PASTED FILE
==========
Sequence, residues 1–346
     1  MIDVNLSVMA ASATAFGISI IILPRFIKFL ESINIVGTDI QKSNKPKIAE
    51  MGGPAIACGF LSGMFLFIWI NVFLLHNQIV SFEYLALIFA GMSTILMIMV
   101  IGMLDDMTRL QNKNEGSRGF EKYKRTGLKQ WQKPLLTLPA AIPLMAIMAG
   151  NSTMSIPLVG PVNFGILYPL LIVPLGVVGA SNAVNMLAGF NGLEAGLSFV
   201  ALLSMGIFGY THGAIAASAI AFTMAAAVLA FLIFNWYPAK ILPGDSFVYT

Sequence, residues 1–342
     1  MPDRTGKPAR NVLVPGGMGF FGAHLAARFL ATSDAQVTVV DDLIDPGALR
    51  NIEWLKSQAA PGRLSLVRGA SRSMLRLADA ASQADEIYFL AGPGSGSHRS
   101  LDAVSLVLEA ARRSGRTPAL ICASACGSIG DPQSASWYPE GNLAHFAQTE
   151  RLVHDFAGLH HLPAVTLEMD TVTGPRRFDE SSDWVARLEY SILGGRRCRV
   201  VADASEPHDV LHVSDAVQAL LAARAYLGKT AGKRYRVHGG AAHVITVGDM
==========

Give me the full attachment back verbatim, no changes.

Sequence, residues 1–346
     1  MIDVNLSVMA ASATAFGISI IILPRFIKFL ESINIVGTDI QKSNKPKIAE
    51  MGGPAIACGF LSGMFLFIWI NVFLLHNQIV SFEYLALIFA GMSTILMIMV
   101  IGMLDDMTRL QNKNEGSRGF EKYKRTGLKQ WQKPLLTLPA AIPLMAIMAG
   151  NSTMSIPLVG PVNFGILYPL LIVPLGVVGA SNAVNMLAGF NGLEAGLSFV
   201  ALLSMGIFGY THGAIAASAI AFTMAAAVLA FLIFNWYPAK ILPGDSFVYT

Sequence, residues 1–342
     1  MPDRTGKPAR NVLVPGGMGF FGAHLAARFL ATSDAQVTVV DDLIDPGALR
    51  NIEWLKSQAA PGRLSLVRGA SRSMLRLADA ASQADEIYFL AGPGSGSHRS
   101  LDAVSLVLEA ARRSGRTPAL ICASACGSIG DPQSASWYPE GNLAHFAQTE
   151  RLVHDFAGLH HLPAVTLEMD TVTGPRRFDE SSDWVARLEY SILGGRRCRV
   201  VADASEPHDV LHVSDAVQAL LAARAYLGKT AGKRYRVHGG AAHVITVGDM